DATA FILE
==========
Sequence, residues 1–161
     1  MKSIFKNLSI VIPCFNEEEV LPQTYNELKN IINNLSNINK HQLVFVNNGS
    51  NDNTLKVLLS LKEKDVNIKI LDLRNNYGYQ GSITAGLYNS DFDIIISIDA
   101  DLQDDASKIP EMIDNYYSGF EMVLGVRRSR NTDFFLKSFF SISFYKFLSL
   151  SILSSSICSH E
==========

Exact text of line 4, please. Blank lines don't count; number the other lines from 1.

   101  DLQDDASKIP EMIDNYYSGF EMVLGVRRSR NTDFFLKSFF SISFYKFLSL